Was it for Abraham's material interest to migrate to Canaan?

VI.

THE PERMANENT VALUE AND INFLUENCE OF THE ABRAHAM NARRATIVES.

Scholars will probably never absolutely agree regarding many problems connected with Abraham. Some have gone so far as to question whether he was an historical character or not. Is the question of fundamental importance? Other writers declare it probable that a tribal sheik by the name of Abraham led one of the many nomad tribes that somewhere about the middle of the second millenium B.C. moved westward into the territory of Palestine. It is probable that popular tradition has preserved certain facts regarding his life and character. It is equally clear that the different groups of Israel's teachers have each interpreted his character and work in keeping with their distinctive ideals. Each individual narrative has an independent unity and the connection between the different accounts is far from close. Some of them aim to explain the derivation of popular names, as for example, Abraham, Isaac, and Ishmael, the sanctity of certain sacred places, as for example, Beersheba, the origin of important institutions, as for example, circumcision and the substitution of animal for human sacrifice, and the explanation of striking physical phenomena, as for example the desolate shores of the Dead Sea.

Some of these accounts, like the table of nations in Genesis 10, preserve the memory of the relationship between Israel and its neighbors. They preserve also the characteristic popular record of the early migrations which brought these peoples to Palestine, where they crystalized into the different nations that figure in the drama of Israel's history. The permanent and universal value of these stories lies, however, in the great moral principles which they vividly and effectively illustrate. The prophetic portrait of Abraham was an inspiring example to hold up before a race. The characteristics of Abraham can be traced in the ideals and character of the Israelites. They were unquestionably an important force in developing the prophet nation. He was, therefore, pre-eminently a spiritual pioneer. How far do these stories, and especially the accounts of the covenant between Jehovah and Abraham, embody the national and spiritual aspirations of the race? Are the Abraham stories of practical inspiration to the present generation? What qualities in his character are essential to the all-around man of any age? How far would the Abraham of the prophetic stories succeed, were he living in America to-day? Would he be appreciated by a majority of our citizens? Are spiritual pioneers of the type of Abraham absolutely needed in every nation and generation if the human race is to progress?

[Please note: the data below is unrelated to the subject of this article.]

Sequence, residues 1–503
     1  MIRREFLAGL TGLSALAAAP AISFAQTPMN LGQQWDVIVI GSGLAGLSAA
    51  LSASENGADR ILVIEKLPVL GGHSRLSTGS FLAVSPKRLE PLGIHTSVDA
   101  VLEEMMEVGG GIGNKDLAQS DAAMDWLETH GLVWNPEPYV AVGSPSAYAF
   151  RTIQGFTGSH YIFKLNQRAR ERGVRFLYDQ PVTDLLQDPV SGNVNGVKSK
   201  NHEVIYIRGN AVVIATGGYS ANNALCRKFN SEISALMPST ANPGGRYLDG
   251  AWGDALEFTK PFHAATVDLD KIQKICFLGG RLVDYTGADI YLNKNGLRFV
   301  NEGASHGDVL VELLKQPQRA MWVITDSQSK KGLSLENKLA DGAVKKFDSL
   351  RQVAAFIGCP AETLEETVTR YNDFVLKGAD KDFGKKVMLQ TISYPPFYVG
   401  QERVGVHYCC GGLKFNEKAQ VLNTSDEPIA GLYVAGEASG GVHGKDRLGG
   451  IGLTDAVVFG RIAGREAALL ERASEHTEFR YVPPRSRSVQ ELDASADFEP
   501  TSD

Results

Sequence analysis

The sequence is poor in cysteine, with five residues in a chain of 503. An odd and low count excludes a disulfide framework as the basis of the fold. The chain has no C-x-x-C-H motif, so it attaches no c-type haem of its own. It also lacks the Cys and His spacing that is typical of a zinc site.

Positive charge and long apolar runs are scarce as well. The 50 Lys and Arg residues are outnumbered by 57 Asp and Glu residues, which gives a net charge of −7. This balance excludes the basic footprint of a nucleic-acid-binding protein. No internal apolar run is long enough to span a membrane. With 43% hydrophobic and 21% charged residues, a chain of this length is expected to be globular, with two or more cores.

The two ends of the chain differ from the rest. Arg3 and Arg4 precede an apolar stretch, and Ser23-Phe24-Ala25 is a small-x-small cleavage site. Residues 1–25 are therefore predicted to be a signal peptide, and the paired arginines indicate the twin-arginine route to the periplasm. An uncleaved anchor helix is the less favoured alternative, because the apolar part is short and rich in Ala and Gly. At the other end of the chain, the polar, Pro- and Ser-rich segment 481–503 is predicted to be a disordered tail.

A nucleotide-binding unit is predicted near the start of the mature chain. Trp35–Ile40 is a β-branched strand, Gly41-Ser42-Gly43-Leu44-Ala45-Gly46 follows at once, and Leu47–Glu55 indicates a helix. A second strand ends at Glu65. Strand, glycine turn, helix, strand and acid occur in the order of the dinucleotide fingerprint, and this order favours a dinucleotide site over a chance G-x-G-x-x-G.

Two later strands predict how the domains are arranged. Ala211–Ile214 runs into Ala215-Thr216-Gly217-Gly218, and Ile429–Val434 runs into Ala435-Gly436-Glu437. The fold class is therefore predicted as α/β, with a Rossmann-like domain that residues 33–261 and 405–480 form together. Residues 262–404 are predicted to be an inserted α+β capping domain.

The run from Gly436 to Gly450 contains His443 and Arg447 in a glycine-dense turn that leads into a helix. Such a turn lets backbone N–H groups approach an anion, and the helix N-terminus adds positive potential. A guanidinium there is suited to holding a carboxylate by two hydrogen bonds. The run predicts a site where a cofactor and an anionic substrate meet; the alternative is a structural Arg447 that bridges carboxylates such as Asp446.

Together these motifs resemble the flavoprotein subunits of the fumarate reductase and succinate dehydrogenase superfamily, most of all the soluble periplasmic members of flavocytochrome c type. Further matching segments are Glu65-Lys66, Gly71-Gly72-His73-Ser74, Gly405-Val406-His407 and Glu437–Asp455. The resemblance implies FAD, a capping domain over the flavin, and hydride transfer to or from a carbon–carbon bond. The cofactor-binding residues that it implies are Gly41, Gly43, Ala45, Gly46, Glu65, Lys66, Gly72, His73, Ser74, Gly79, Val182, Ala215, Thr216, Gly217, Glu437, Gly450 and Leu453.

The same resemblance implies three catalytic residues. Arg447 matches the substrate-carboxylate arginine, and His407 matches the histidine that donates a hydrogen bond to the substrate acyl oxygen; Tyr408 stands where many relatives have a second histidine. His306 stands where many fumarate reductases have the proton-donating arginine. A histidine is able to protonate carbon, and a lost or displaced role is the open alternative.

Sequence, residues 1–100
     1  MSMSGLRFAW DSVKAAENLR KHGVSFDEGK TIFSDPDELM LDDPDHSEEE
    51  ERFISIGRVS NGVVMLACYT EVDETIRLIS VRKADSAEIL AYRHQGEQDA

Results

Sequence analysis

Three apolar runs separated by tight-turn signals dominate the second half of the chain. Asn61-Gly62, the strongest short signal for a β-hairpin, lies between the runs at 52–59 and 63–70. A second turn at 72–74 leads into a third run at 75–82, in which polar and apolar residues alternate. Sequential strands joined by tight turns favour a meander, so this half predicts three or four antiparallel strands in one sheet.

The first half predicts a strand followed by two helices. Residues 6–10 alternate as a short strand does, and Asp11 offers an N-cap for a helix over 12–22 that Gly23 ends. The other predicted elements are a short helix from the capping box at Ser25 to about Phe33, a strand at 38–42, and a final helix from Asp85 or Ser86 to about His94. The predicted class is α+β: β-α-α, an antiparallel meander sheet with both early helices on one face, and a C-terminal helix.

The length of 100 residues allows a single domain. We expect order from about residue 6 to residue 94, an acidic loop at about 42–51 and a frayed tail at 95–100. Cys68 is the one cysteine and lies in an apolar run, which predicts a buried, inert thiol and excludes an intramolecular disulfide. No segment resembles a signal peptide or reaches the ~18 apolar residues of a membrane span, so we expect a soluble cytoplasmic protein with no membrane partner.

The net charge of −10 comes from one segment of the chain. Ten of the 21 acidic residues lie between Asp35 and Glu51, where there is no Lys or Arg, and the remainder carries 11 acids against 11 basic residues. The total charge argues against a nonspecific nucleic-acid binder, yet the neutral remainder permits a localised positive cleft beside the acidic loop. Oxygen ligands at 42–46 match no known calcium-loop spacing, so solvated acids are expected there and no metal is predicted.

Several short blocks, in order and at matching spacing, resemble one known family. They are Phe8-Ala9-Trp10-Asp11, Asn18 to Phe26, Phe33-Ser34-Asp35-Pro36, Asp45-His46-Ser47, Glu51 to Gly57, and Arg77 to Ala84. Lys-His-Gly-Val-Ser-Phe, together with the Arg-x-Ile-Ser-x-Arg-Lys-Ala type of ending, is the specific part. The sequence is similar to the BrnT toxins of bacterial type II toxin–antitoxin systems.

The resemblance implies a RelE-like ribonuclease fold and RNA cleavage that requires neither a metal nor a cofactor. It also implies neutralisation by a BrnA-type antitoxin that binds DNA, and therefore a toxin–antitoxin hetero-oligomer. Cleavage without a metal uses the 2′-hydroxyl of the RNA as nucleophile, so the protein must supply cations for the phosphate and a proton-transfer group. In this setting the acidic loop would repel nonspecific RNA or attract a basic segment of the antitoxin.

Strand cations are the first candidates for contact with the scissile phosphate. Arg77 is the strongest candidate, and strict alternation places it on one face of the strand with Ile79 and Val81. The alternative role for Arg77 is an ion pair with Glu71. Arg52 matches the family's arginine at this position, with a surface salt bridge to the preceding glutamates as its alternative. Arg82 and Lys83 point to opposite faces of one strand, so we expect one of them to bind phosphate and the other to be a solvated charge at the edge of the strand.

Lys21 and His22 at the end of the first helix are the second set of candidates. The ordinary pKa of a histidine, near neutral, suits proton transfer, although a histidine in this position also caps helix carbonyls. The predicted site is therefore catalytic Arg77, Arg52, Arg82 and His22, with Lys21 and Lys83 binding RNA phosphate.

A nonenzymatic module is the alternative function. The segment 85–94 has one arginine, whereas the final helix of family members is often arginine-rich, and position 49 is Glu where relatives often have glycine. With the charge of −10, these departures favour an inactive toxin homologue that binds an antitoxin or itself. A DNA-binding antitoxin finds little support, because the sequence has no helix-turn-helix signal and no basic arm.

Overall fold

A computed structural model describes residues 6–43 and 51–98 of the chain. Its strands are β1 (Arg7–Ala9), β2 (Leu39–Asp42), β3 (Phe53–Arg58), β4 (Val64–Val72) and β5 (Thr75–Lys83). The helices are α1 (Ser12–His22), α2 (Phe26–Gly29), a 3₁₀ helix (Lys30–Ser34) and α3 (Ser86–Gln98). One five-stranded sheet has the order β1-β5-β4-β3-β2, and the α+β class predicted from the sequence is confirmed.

Questions for Further Consideration.

Are God's purposes often contrary to man's desires? Ever to man's best interests?

What qualities must every true pioneer possess?

What is the ultimate basis of all true politeness?

Who are some of the great pioneers of early American history? What were their chief contributions to their nation?

Is your own conscientious conception of your duty to be considered as God's command to you? Does he give any other command?

Does a high stage of civilization ennoble character or tend to degrade it?

Subjects for Further Study.

(1) Abraham in Late Jewish Tradition. Hastings, Dict. Bib. I, 16, 17, Ginsberg, The Legends of the Jews, I, pp.185-308.

(2) The Geological History of the Dead Sea Valley. Hastings, Dict. Bib. I, 575-7; Encyc. Bib. I, 1042-6; Kent, Bib. Geog. and Hist., 45-54; Smith, Hist. Geography, 499-516.

(3) The Original Meaning of Sacrifice. St. O. T., IV, 238; Hastings, Dict. Bib. IV, 329-31; Encyc. Bib. IV, 4216-26; Smith, Relig. of the Semites, 213-43, 252-440; Gordon, Early Traditions of Genesis, 212-16.

(4) A Comparison of the Motives that Inspired the Migrations of the Ancestors of the Hebrews and our Pilgrim Fathers. Cheyney, European Background of American History; Andrews, Colonial Self-Government.